Back in 2010, Obamacare was like the Titanic heading off on her maiden voyage. Critics warned people not to hop aboard, that disaster was inevitable. But the president, his allies in Congress and lots of big insurance companies assured everyone that, even though they couldn’t see the blueprints, they had, in fact, designed an unsinkable ship of government-run health care.
Now, billions of dollars and 17 failed co-ops later, the captain and crew of USS Obamacare are demanding that everyone stay below-deck and continue bailing out their sinking ship and the insurance companies taking on more and more red ink in Obamacare exchanges.
Congress shouldn’t oblige them. It’s time to hit the lifeboats.
The latest bailout proposal would extend a temporary provision in the woefully misnamed Affordable Care Act.
The provisional Transitional Reinsurance Program, which took effect in 2014 and is scheduled to expire at the end of this year, imposes a contribution tax on employer-sponsored health plans. The proceeds are used to reimburse insurers offering ACA-compliant individual market coverage for taking on expensive, high risk enrollees.
These corporate subsidies were originally meant to be a temporary fix while companies adjusted to a market with the federal government’s finger on the scales.
The authors of Obamacare realized that because their bill created exchanges offering comprehensive and heavily subsidized individual coverage, people with expensive medical conditions would be motivated to seek such coverage in favor of their existing (mostly employer-based) plans. The designers assumed that a little temporary support would handle the problem.
However, as critics predicted, Obamacare set in motion much bigger and more costly consequences in the insurance market. Faced with mounting losses, more and more insurers are abandoning the exchanges.
Blue Cross and Blue Shield of Nebraska recently announced it is withdrawing from the exchange next year, while BlueCross BlueShield of Tennessee said it will no longer offer exchange plans in that state’s three largest markets: Nashville, Memphis and Knoxville. Meanwhile, remaining insurers are hiking premiums by 20 percent or more.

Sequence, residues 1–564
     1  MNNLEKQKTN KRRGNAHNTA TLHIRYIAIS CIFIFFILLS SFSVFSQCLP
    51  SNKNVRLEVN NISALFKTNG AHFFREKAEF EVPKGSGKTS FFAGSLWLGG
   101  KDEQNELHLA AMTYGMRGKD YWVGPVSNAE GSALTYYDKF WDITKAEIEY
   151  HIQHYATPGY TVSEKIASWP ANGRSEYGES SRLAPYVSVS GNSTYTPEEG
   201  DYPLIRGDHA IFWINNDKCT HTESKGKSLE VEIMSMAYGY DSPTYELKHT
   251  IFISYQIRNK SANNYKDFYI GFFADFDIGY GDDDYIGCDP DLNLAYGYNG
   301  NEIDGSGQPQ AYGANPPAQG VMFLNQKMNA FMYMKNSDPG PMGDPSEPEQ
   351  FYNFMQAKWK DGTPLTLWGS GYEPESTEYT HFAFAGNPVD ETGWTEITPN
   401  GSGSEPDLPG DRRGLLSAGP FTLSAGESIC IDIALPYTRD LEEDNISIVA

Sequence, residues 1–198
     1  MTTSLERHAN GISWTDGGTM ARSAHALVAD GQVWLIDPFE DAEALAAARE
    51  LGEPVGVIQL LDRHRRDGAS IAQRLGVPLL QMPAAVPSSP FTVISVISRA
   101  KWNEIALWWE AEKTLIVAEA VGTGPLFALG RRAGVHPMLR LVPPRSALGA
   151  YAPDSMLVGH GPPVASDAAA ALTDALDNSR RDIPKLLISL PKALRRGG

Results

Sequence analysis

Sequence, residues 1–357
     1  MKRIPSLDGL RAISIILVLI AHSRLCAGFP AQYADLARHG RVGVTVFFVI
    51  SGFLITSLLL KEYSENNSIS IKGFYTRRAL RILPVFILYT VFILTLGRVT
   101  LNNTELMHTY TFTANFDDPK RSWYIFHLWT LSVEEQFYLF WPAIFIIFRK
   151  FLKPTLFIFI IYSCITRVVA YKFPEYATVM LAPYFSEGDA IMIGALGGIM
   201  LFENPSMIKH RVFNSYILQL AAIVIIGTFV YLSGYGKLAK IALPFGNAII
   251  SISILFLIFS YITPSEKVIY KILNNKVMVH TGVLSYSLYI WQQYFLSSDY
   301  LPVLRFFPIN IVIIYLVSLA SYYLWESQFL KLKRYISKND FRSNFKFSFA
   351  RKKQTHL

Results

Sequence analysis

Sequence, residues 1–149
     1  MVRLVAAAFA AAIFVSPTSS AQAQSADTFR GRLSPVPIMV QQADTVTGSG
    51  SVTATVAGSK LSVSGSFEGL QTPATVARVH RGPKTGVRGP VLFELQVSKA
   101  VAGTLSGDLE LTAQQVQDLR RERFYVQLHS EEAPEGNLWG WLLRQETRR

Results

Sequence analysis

And the problems aren’t confined to Obamacare exchanges. People who buy individual insurance but don’t qualify for a subsidy are being hit with the full cost of premium hikes and facing decreased coverage choices as well.
For instance, Wellmark, the parent company of Blue Cross and Blue Shield of South Dakota, which has never participated in the exchanges, announced that it will also stop selling ACA-compliant individual market policies off the exchange. So, a self-employed South Dakotan can keep his or her old (pre-Obamacare) Wellmark policy, but others wanting or needing new individual coverage will no longer be able to buy it from that state’s largest insurer.
It’s worth noting that Wellmark is not some greedy for-profit insurer. Rather, it’s a policyholder-owned company — the exact kind that Obamacare tried to replicate through its now-failed co-op program.
The same politicians who rammed this doomed Titanic through Congress in the first place are now pushing to extend the reinsurance program.
Yet doubling down on disaster is not a solution. Rather than try to prop up an ill-designed law, Congress needs to systematically repeal and replace Obamacare’s dysfunctional policies with more sensible solutions — starting with the law’s most damaging provisions.
Contrary to the assertions of Obamacare supporters, there are other ways to ensure that needy individuals get the medical care they need without wrecking health insurance markets for everyone else. The Heritage Foundation proposed one such approach, called “A Fresh Start for Health Care Reform,” two years ago. Other think tanks and several lawmakers have also proposed promising, free-market options.
As for the remaining insurers, rather than lobbying for short-term bailouts, they would be better off helping Congress design more workable replacement solutions for the long-term.
Obamacare is sinking fast. We need to transfer the passengers to a safer, more sea-worthy ship.
A former Republican U.S. Senator from South Carolina, Jim DeMint is president of The Heritage Foundation.